Lviv, Symbol of Catholic Martyrdom

A Crossroads City That Survived Stalin

Share this Entry

LVIV, Ukraine, JUNE 24, 2001 (Zenit.org).- After celebrating a public Mass on Monday morning in Kiev, John Paul II will travel to Lviv, a center of the Greek-Catholic faith which survived Stalin´s persecution.

In Lviv he will beatify 28 martyrs of Communism and Nazism.

Deprived of their places of worship, and obliged to celebrate Mass in private homes, at times interrupted by the KGB, the Greek-Catholics lived in the catacombs for almost a half-century, until Mikhail Gorbachev met with John Paul II in 1989.

The splendors of Slavic Christian culture preserved in this city led UNESCO to declare it patrimony of humanity. Conquered by numerous empires, Lviv is the crossroads of many cultures, including Polish, Austro-Hungarian, German, Russian and Soviet. It has been called Lwiw, Lemberg and Lviv.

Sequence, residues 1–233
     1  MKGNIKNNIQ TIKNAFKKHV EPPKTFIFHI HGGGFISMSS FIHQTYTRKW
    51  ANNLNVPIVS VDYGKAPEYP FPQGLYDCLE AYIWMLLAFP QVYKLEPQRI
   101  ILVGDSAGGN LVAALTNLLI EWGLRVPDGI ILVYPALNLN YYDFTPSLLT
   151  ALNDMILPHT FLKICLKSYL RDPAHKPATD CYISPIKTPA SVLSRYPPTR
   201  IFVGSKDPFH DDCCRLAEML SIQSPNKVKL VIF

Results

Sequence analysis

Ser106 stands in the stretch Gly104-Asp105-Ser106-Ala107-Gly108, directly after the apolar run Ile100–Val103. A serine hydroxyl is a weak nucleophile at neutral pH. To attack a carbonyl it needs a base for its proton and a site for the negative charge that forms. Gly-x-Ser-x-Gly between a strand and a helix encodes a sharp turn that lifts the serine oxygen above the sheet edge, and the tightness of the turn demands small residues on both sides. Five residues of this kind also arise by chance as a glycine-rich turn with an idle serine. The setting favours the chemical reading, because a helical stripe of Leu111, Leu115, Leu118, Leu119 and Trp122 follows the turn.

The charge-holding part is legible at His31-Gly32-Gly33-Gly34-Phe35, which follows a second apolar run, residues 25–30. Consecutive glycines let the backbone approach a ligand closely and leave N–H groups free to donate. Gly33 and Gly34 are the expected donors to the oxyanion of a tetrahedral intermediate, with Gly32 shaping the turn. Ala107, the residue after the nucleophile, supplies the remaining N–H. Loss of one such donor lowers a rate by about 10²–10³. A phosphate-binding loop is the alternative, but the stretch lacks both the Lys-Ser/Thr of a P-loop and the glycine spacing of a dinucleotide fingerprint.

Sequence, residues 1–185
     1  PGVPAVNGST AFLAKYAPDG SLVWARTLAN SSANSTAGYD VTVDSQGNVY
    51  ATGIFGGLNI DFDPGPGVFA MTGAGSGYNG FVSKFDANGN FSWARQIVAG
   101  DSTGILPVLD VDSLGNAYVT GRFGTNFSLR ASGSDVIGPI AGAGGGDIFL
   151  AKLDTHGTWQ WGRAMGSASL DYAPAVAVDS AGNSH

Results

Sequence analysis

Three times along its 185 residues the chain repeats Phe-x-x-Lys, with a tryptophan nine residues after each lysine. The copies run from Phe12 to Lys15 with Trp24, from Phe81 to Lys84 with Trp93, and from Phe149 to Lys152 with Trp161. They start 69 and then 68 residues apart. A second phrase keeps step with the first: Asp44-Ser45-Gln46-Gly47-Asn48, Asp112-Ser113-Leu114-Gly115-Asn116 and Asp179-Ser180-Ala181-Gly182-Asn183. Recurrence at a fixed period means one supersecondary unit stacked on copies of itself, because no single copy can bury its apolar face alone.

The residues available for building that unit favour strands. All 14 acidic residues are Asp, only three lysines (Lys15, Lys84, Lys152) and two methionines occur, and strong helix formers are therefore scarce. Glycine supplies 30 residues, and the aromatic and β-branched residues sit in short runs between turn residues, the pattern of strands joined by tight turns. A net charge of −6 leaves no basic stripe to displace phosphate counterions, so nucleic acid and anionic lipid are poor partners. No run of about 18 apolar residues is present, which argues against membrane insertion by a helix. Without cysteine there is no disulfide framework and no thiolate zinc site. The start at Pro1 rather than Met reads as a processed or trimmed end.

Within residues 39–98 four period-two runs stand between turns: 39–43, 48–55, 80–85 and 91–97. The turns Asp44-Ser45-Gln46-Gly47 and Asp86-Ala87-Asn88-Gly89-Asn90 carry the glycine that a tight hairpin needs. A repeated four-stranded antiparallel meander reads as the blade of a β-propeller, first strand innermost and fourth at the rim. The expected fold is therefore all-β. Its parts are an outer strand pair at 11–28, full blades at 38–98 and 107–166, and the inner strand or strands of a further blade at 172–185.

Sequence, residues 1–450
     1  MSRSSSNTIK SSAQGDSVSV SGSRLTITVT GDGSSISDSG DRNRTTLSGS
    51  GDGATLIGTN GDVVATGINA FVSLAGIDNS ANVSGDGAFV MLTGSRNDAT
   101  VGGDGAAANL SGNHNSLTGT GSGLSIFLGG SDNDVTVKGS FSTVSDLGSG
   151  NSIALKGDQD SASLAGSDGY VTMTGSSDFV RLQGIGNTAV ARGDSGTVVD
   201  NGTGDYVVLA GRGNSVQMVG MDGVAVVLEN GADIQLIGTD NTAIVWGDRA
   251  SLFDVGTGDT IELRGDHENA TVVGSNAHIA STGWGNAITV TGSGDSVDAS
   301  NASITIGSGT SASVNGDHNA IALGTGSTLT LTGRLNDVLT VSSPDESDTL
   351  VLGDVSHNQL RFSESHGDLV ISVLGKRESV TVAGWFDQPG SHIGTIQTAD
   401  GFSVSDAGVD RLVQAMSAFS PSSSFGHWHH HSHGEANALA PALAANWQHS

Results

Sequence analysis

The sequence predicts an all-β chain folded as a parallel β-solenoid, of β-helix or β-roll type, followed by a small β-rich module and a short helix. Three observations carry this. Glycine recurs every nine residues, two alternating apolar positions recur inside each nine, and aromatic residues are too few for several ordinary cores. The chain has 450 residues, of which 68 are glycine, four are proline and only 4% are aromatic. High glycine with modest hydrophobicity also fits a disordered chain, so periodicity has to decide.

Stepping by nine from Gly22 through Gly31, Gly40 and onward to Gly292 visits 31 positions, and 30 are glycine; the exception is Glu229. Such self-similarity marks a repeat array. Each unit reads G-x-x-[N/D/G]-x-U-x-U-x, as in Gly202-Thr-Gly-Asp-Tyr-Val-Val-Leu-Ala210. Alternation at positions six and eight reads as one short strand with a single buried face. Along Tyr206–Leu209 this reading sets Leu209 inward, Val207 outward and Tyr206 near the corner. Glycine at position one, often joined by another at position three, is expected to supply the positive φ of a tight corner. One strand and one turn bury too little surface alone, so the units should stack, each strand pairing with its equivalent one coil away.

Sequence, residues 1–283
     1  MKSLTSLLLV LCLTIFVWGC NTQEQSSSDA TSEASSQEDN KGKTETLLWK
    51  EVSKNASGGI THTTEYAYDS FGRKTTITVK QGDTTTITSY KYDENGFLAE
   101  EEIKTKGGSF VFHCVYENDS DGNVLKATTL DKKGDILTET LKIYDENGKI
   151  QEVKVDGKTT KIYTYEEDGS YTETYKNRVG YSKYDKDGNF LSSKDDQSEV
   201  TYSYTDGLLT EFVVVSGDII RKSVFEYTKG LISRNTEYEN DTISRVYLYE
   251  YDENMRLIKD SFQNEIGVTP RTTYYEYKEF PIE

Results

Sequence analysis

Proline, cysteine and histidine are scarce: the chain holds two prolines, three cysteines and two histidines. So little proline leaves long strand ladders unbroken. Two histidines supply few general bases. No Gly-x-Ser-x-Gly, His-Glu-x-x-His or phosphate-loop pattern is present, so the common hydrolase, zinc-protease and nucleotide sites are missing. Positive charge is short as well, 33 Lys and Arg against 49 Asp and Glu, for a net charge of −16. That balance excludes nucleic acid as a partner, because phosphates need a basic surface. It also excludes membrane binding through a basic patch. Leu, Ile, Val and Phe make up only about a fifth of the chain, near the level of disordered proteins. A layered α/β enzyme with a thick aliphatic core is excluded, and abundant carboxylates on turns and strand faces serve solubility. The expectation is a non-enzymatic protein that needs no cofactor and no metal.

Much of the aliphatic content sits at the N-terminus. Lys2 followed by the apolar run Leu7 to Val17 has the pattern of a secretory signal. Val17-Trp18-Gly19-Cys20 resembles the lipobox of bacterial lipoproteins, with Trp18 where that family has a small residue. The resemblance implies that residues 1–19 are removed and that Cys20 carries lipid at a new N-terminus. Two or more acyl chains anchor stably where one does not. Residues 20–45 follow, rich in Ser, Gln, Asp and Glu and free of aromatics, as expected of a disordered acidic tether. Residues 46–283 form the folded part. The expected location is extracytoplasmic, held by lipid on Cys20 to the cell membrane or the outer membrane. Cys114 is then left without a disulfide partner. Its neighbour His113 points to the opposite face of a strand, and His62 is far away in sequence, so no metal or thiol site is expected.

Since Ukraine´s independence in 1991, Lviv is trying to rise from the dark years of Communism and recover its former splendor. The city is, perhaps, the proudest symbol of Ukrainian nationalism. Russian is virtually unspoken in these parts.

“Abandoned by the Soviet regime, some of the historical monuments collapsed,” said the city´s mayor, Vasyl Kuibida. “However, today, despite the economic crisis, we are doing everything possible to rehabilitate the city and attract tourists.”

By the 13th century, Armenian, Italian and Hebrew were languages heard on the streets of this city, built on the crossroads of commercial routes that join the Baltic and Black seas, Europe and Asia.

Surrounding Market Square, in the old part of the city, is the palace of a rich 15th-century merchant, which borders a 16th-century Orthodox chapel, built by a Hungarian. Not far from here is the Armenian Catholic Church, place of worship of one of the city´s oldest communities.

The historical center was built in 1247. It sits on a spot whose first settlement dates to the sixth century. Its 120 hectares (about 300 acres) includes several dozen cathedrals, churches and synagogues, as well as close to 2,000 monuments of artistic interest.

Share this Entry

ZENIT Staff

Support ZENIT

If you liked this article, support ZENIT now with a donation